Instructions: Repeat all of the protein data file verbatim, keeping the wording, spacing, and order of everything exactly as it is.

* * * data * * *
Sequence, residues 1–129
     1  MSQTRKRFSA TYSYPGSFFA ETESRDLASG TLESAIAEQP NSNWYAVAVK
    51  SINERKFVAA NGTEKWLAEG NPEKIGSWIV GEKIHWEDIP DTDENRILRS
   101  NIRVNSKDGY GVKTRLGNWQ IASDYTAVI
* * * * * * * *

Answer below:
Sequence, residues 1–129
     1  MSQTRKRFSA TYSYPGSFFA ETESRDLASG TLESAIAEQP NSNWYAVAVK
    51  SINERKFVAA NGTEKWLAEG NPEKIGSWIV GEKIHWEDIP DTDENRILRS
   101  NIRVNSKDGY GVKTRLGNWQ IASDYTAVI